The best wood for smoking pastrami

He chose cherry wood for this recipe. While we often use deeper, earthy woods for the brisket, the wood’s cherry flavors perfectly complement the spices and spices of the pastrami. It also helps develop that deep pink color we love to see in pastrami slices.

How to smoke pastrami

My full smoked pastrami recipe is below, but here are a few tips to get the most out of your cooked meat.

When it comes time to wrap the brisket in foil , be sure to wrap it as tightly as possible. This preserves the crust that the meat has developed in the meantime. If you leave too much room or the foil tears, the moisture in the smoker will ruin the crust.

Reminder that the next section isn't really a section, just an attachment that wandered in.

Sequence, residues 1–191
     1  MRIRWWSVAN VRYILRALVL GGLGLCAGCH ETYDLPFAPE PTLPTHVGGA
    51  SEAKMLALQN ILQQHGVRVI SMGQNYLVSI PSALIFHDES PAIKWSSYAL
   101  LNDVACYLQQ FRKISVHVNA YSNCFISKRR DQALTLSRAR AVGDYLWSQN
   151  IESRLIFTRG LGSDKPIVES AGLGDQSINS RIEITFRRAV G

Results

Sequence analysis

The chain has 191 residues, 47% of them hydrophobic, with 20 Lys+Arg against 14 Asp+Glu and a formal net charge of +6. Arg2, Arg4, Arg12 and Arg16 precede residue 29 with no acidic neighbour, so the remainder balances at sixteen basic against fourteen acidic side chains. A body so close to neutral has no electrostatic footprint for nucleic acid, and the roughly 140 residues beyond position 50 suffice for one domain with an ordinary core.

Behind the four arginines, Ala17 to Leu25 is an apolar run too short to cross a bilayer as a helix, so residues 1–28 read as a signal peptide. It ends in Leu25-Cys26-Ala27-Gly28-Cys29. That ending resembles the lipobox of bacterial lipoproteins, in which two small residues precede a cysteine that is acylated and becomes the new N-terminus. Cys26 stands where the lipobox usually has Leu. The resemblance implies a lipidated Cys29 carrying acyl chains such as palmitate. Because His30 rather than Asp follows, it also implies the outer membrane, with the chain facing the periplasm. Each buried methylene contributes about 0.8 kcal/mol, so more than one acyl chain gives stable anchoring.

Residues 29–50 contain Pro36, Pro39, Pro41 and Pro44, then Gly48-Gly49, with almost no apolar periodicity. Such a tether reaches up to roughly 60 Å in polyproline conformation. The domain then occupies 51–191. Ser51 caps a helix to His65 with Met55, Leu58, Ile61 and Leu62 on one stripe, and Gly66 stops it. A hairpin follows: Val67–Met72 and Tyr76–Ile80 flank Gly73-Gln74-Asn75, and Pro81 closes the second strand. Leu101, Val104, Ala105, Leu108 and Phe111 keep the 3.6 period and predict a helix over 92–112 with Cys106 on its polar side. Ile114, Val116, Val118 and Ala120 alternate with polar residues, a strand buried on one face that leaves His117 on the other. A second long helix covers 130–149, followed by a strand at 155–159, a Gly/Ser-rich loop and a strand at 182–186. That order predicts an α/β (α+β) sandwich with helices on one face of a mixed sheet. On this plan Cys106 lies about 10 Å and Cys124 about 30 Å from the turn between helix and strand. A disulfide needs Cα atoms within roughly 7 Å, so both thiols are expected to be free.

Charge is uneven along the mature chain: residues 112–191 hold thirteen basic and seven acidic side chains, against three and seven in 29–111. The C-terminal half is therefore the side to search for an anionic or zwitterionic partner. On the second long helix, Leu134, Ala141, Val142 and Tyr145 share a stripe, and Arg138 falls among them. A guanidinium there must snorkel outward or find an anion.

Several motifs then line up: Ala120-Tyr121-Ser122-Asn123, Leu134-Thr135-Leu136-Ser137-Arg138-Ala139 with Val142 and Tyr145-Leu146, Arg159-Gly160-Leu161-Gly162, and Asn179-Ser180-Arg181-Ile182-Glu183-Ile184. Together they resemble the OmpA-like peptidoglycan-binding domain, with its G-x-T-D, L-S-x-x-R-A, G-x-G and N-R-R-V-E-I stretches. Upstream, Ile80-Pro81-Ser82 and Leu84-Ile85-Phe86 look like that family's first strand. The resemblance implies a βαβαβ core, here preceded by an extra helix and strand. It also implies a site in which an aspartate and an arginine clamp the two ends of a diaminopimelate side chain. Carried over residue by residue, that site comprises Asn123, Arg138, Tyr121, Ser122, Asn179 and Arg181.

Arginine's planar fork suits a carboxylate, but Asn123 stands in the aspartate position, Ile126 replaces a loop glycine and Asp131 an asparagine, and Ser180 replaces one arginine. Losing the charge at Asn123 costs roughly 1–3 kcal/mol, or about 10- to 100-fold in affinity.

When we return the wrapped brisket to the smoker, we increase the temperature to around 300°F. We don’t do this to expose it to smoke or wood, but to allow the connective tissue and fat in the meat to break down and break down. Doing this wrapped and at a higher temperature will help speed up the process.

Aim for an indoor temperature of 205-210°F. Ultimately, the internal temperature is what matters here, but also check the resistance when you insert the probe. If you don’t feel a lot of resistance, you know your pastrami is nice and tender.

If you plan to eat it the same day you cook it, let it sit for about an hour before slicing. This allows the juice to redistribute and makes it as tender as possible.

Instead, if you want to keep them, put them in the fridge and let them cool. You can slice it when it’s fully set and the meat should hold its shape perfectly.

When cutting, it is important to pay attention to the direction in which the muscle fibers run. Instead of cutting with the grain, let’s cut it perpendicularly.